3. The Book of Hebrews says, “And let us not neglect to meet together regularly and to encourage one another, all the more since the Day draws near.”  See here how the Last “Day” and being prepared for it is linked to “meeting together regularly.” Gotta be there regularly to be ready!
  4. Unless you eat the flesh of the Son of Man and drink his blood, you do not have life in you (Jn 6:53). Without Holy Communion we’re not going to make it. Gotta receive regularly to be ready!

OK so here is an important reason to come home and to get there fast: Better Set your house in order, He may be coming soon and he’ll hit like an atom bomb when he comes.

Enjoy this video. Observe in it all the readiness preparations for the nuclear bombs that some of us who are older may remember. In a way all the preparations you see in the video are a little silly since diving under a desk wouldn’t  help much if an atomb really hit! But the preparations I have mentioned above ARE helpful since God gives them to us. If the people in this video we’re getting ready with measures that probably wouln’t help much, how much more so for us who DO stand a chance since God himself instructs us!  Set your house in order!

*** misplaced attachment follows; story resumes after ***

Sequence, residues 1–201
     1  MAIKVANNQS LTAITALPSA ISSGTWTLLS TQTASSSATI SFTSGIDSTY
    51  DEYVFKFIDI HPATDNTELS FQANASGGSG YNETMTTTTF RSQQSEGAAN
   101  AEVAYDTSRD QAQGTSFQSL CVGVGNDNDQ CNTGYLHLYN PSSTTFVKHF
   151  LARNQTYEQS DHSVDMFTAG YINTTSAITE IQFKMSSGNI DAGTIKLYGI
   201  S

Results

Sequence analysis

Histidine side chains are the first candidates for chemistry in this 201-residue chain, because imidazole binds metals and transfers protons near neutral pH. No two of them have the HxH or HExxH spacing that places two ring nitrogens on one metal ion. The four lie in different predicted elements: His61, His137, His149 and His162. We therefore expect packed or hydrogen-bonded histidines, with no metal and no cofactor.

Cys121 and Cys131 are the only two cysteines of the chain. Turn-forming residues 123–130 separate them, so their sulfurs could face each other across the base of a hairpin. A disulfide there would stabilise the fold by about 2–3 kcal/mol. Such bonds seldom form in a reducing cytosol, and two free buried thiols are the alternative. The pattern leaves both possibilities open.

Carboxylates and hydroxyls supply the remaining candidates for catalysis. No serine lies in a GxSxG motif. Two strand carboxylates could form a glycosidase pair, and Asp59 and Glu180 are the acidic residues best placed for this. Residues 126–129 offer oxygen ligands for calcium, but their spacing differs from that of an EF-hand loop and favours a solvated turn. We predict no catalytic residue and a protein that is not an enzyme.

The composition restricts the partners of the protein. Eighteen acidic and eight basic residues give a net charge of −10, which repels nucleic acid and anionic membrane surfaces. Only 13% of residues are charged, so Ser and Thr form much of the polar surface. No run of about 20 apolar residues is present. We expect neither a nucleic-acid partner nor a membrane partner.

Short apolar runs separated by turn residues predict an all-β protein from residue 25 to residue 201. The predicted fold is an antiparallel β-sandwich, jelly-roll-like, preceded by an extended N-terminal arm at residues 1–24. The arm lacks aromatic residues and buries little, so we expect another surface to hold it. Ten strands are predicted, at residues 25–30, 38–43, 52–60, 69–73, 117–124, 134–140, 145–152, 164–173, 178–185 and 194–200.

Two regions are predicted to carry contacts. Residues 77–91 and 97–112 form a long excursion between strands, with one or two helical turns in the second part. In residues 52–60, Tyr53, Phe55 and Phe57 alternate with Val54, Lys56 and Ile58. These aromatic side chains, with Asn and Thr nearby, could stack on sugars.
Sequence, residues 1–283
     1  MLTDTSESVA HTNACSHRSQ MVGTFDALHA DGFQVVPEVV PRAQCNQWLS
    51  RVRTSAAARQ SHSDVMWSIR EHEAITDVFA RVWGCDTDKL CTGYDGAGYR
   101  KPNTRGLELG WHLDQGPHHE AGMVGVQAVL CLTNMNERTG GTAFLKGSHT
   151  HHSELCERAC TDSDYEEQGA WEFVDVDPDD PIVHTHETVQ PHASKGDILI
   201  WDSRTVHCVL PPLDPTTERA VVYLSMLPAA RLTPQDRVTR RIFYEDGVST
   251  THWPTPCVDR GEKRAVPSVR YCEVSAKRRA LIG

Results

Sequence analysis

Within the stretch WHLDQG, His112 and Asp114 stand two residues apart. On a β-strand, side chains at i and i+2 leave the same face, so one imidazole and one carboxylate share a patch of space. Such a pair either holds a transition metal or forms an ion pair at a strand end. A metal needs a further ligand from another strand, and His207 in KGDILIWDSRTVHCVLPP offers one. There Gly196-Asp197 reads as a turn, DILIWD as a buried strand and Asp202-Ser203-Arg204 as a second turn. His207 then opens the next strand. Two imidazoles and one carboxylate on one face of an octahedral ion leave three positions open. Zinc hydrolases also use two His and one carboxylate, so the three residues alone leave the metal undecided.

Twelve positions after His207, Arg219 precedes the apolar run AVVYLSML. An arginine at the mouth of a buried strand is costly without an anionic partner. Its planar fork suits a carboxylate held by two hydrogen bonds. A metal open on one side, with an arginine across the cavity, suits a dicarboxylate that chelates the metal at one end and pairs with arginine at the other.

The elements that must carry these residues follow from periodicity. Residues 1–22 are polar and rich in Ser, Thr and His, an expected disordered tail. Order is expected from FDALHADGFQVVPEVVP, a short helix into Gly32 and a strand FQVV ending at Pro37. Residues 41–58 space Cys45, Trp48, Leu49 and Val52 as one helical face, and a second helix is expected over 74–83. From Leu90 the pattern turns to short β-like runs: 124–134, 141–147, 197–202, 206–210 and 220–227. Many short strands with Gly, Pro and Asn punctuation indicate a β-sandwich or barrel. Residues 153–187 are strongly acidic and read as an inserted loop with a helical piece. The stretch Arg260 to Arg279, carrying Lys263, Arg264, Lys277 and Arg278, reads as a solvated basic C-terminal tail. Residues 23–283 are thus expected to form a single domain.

Humble Pie

I had thought I’d be prolific and come up with 40 reasons for coming home to the Catholic Church, one for each day of Lent. Well, Lent is over and you can see I haven’t quite finished (but will!). And I experienced more humility when I found this:

 150 Reasons Why I am Catholic (and you should be too)